JERRY: Oh, for Chrissakes here –
CARL: Blood has been shed. We've incurred risks, Jerry. I'm coming into town tomorrow. Have the money ready.
JERRY: Now we had a deal here! A deal's a deal!
CARL: Is it, Jerry? You ask those three pour souls up in Brainerd if a deal's a deal! Go ahead, ask 'em!
JERRY: ... The heck d'ya mean?
No sooner does he hang up with Carl, than Reilly Diefenbach from the GMAC loan company calls to pressure him about those loans. He can't even manage to lie about it that well. And he's totally transparent and defensive when Marge comes to interview him about the stolen Ciera. His smile looks frozen on his face, and he won't answer her questions. During Marge's second visit, he eventually freaks out, jumps into a car, and takes off. That pretty much seals his fate.
Any judgment that Jerry had (and we doubt it was very much) goes down the drain because of his desperate need for money. As he tells Carl, while refusing to explain why he needs it:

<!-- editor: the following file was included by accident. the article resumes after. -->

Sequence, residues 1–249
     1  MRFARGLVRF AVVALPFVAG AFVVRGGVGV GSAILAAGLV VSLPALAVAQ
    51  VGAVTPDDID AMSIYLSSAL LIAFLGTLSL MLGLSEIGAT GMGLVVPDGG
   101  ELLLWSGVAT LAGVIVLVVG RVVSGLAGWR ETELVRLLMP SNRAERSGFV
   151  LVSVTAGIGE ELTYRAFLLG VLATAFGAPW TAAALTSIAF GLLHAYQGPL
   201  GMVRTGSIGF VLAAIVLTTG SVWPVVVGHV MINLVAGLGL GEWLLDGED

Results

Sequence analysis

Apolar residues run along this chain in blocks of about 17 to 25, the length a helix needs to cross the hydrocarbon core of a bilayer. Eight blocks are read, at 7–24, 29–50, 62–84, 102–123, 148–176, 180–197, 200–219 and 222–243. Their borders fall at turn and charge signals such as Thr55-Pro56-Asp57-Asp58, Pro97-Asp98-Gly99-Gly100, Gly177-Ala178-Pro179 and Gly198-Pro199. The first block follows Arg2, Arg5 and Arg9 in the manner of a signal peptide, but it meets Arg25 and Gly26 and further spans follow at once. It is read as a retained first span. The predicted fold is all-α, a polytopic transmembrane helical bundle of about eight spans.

JERRY: Well, that's... that's... I'm not going into, into... see, I just need money. Now, her dad's real well off.
But we don't completely hate Jerry; he's just too pathetic. We can even empathize with his desperation, if not with his stupidity and utterly mindless disregard for his wife's wellbeing. There's something slightly touching about his ability to keep trying to make things right, when they're obviously on the verge of plummeting into chaos.
Jerry's family life isn't the greatest. He's dependent on his narcissistic father-in-law for a job, and Wade clearly doesn't like him all that much. We don't learn much about his relationship with Jean, but whatever it is, he's decided to turn her into his own personal fundraiser, putting her life at risk in the process.